The Telegraph
Since 1st March, 1999
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Embedded in the human predicament is the notion of a utopia, of a world in which the distinctions between the poor and the rich will be blurred. In the cynical and weary world of the 21st century, the World Summit for Sustainable Development in Johannesburg embodies such a utopia. The meeting began on Monday with a call to end “global apartheid” between the rich and the poor. The president of South Africa, Mr Thabo Mbeki, declared that a global human society “characterized by islands of wealth surrounded by a sea of poverty is unsustainable’’. Very few would disagree with such a statement. An egalitarian world with no poverty has been part of the human vision since Wat Tyler sang: “When Adam delved and Eve span/Who was then the gentleman'’’ The notion of a more just and equal world is as much a part of civilization as the almost perennial division between the rich and the poor. Thus pessimistic souls will have to be forgiven if they are not convinced by the pious and noble intentions being announced in Johannesburg. The pessimism is not based on any inherent suspicions about utopias. The vision of something better, something nobler is almost a necessary condition for human survival and for human improvement. But the pessimism is grounded on the track record of such summits.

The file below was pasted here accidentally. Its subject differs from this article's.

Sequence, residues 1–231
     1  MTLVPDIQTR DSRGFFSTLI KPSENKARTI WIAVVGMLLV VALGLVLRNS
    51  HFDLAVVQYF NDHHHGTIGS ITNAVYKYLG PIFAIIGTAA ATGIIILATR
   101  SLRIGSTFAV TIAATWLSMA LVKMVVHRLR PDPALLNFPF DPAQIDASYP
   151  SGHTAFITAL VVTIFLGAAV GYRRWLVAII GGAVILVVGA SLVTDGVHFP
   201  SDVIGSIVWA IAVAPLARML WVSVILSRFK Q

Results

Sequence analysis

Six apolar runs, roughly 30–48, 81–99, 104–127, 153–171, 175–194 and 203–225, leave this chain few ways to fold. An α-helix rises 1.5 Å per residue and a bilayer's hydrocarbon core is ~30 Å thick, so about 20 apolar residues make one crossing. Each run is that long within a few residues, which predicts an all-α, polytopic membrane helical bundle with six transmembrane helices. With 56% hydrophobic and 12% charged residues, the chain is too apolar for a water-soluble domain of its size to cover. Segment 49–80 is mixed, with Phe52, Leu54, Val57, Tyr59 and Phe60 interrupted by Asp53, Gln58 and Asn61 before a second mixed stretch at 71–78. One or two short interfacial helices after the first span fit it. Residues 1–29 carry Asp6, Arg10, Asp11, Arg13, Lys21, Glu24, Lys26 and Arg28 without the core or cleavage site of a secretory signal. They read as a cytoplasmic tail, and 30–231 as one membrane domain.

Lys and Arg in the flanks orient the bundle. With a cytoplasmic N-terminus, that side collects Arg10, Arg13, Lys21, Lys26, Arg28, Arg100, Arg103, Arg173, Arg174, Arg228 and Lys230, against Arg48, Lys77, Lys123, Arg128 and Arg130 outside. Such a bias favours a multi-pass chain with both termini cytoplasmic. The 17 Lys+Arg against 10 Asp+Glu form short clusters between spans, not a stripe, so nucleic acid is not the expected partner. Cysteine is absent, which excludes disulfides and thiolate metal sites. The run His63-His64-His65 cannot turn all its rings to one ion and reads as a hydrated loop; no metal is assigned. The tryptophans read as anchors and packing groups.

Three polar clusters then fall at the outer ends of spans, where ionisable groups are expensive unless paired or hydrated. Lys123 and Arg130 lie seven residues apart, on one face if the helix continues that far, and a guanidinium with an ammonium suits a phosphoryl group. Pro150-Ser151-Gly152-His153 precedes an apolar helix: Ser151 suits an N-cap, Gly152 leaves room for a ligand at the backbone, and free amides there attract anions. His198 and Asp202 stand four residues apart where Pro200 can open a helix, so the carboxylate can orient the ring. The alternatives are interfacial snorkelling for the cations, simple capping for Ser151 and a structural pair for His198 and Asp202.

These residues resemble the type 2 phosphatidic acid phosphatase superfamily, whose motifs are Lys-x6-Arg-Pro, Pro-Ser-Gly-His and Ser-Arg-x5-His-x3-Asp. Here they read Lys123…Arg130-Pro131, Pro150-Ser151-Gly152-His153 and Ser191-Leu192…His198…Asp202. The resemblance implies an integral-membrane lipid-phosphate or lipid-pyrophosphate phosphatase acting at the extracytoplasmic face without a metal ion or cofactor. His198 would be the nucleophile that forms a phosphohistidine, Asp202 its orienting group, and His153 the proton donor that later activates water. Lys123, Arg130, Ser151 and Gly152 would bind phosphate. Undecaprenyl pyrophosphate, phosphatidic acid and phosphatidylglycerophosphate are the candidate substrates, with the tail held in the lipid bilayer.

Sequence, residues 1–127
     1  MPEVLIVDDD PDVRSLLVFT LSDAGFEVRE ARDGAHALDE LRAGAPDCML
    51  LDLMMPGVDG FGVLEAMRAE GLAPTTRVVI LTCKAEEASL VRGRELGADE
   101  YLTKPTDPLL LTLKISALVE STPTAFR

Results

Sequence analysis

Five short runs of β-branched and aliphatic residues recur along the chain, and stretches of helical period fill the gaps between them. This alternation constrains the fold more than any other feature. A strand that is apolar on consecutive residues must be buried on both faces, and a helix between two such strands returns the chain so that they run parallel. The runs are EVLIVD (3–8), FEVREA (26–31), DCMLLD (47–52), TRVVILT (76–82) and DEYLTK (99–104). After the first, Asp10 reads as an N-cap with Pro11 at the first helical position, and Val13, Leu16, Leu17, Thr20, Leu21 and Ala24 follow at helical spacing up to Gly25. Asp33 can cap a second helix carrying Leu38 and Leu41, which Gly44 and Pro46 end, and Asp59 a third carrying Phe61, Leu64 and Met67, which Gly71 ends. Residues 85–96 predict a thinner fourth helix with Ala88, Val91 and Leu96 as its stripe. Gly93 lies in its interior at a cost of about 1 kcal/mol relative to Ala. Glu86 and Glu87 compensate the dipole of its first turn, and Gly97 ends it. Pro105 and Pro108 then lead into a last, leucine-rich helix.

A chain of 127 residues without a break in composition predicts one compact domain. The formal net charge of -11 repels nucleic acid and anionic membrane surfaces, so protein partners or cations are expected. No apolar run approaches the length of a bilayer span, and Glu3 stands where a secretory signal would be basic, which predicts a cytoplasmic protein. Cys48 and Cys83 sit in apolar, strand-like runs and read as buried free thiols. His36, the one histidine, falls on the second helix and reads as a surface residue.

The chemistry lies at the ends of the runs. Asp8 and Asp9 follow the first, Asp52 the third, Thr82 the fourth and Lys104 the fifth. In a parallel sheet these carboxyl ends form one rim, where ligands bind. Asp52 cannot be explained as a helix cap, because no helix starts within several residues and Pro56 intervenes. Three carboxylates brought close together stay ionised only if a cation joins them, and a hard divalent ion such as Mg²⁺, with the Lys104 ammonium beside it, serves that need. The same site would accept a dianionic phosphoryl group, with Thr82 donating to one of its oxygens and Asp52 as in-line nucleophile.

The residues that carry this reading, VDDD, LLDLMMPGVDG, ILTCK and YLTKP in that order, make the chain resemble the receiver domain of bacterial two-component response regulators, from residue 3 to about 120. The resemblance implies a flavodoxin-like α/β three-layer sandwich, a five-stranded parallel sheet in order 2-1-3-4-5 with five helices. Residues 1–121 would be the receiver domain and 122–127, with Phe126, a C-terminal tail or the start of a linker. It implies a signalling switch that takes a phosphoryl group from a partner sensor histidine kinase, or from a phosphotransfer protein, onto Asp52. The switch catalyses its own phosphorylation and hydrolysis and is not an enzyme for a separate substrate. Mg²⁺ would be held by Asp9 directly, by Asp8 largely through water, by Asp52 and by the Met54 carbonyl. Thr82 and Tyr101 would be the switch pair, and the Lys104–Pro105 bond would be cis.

Ten years ago at a meeting in Rio de Janeiro, a programme was chalked out and agreed upon. That programme aimed at fighting poverty, improving global health and protecting the environment and habitats. It remains a programme on paper. Hardly, if any, impact of the programme is visible on the ground realities. Over ten years, the gap between the rich and the poor has widened; habitats have become more endangered because of their ceaseless and irresponsible exploitation; and global warming has taken the world closer to the Apocalypse. Yet world leaders, like women in parties talking of Michelangelo, discuss alternative paths and plans of development. Such paradigms, like paradise, have been lost many times over. Ten years ago, the rich nations of the world promised to pay sums of money to save the ecology and to help the poorer nations. That promise was an empty one. Now the poorer nations have been left to fend for themselves in the world of laissez faire. There is the widespread perception that summits like the one being held in Johannesburg are nothing more than a salve to the conscience of the rich nations. Hence the deliberations are always taken with some salt, a not-too-expensive commodity in the developing world. Alongside the conflict between the rich and the poor has been the battle between utopia and realism. The latter has always won. The former has allowed man to dream.

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